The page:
Having since spawned an MTV series, Catfish is one of the most popular films about the Internet to date – and rightfully so: this often too-good-to-be-true documentary about Nev Schulman’s attempts to visit a “young woman” who he’s all but fallen in love with online – spoiler alert, she’s not who she says she is – is one of the most riveting documentaries I’ve seen. Progressing from funny to suspenseful and then to unbelievably sad, Catfish is an unmissable Digital Age documentary.

4. “Blackhat”

Also mentioned as one of my favorite films of 2015, Blackhat is the best film about hacking I’ve yet seen, with director Michael Mann making true art out of typing and staring at screens. Centered on a strong performance from Chris Hemsworth, Blackhat follows an intense cybercrime plot across the world, from Chicago to Hong Kong, with vibrant handheld cinematography to die for along the way. It’s more loosely about the Internet than the others on this list, with a generic romantic subplot and lots of “real” action, but Blackhat – which ends with an absolutely stunning chase sequence – is a true work of art for the Digital Age.

3. “Citizenfour”

Whether or not you consider Edward Snowden a hero for his leaking of classified government information while working for the NSA (I wholeheartedly do), Citizenfour is not a film to be missed. Winning director Laura Poitras an Oscar, this doc follows, in almost real-time, Snowden’s leaking of info on the NSA and the uncovering of his identity as he hides out at a hotel in Hong Kong. Perhaps the most intimate depiction of the moment a public figure changed the world ever put to screen, Citizenfour is an engrossing documentary experience, the likes of which we could only have in the world we live in today.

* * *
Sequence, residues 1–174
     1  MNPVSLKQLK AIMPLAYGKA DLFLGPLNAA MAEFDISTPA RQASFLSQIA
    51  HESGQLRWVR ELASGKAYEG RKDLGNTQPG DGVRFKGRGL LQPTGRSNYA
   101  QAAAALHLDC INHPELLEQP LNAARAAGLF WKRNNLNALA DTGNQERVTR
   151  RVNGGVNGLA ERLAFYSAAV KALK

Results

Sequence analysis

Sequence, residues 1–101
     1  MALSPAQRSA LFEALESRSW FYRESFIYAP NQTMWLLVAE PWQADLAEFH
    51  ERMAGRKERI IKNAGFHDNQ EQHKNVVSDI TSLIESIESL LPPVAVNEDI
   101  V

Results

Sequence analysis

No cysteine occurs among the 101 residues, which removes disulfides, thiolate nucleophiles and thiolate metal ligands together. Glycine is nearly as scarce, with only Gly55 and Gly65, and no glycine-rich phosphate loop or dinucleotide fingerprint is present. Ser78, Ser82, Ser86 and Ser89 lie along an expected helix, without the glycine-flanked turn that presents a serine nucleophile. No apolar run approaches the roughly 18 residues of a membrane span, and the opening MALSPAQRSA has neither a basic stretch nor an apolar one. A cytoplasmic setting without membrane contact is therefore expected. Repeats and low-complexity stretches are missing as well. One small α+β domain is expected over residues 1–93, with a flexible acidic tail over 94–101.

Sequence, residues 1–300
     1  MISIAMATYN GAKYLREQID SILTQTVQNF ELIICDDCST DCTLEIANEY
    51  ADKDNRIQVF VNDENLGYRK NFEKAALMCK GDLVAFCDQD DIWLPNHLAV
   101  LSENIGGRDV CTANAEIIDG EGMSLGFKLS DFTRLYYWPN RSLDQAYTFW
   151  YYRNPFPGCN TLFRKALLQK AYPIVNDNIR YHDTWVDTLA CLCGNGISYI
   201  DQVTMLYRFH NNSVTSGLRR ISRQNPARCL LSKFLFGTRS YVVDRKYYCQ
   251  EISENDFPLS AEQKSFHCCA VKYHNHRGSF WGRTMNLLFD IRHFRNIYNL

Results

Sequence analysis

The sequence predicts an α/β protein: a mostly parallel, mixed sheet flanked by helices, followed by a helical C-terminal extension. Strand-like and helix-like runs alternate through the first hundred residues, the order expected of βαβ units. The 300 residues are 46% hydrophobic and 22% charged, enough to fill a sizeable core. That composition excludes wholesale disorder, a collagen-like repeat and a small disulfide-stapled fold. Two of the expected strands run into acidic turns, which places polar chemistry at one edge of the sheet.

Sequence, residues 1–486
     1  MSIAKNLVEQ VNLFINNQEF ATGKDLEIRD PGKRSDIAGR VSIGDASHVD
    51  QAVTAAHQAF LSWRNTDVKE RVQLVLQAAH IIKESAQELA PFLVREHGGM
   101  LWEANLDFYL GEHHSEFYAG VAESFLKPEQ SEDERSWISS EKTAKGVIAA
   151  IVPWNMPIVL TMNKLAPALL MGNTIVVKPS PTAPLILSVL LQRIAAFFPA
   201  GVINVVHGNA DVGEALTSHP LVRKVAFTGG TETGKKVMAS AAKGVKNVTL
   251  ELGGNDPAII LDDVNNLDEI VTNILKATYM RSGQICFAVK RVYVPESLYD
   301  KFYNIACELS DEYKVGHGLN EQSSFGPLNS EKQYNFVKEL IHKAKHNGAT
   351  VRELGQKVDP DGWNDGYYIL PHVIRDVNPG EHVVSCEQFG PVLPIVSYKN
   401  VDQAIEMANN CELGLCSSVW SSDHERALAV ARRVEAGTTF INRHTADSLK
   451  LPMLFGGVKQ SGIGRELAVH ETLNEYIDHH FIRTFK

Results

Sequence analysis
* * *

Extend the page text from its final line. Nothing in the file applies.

2. “Her”

Technically more about artificial intelligence than about the internet, Spike Jonze’s Her is nonetheless a film inspired by it – imagining a futuristic world where a lonely man, Theodore (Joaquin Phoenix) falls in love with his operating system, Samantha (Scarlett Johansson in an Oscar-worthy voice performance). A genuinely heartfelt sci-fi love story that asks all the important questions about the world we live in – and how relationships are changing in a world where face-to-face communication is becoming less and less prevalent. Fully deserved its Oscar for Best Original Screenplay.

1. “The Social Network”

It should come as no surprise that David Fincher’s groundbreaking Mark Zuckerberg biopic is the first-place finisher on my list of movies about the Internet, as it’s the most popular, acclaimed and artful film ever made about the digital world. With a phenomenal, star-making lead performance from Jesse Eisenberg as the founder of Facebook, The Social Network explores, in Fincher’s signature cold, digital style, the creation of the world’s most popular social network. Brimming with quick-fire dialogue, layered performances and no limit of tense drama, The Social Network makes a riveting epic out of a series of actions by a few people that all but created the world we live in today. Not only the best film about the Internet, it’s one of the best of a generation.

Cameron Johnson

Cameron Johnson is a writer and filmmaker born in England, based in Michigan, USA, and currently living in Enniscrone, Ireland. He writes about all things entertainment with a speciality in film criticism. He has been working on films ever since middle school, when his shorts "Moving Stateside" and "The Random News" competed in the West Branch Children's Film Festival. Since then he's written and directed a number of his own films and worked in many different crew jobs. Follow him on Twitter @GambasUK and look at his daily film diary at letterboxd.com/gambasUK.

Posted on Jul 4, 2016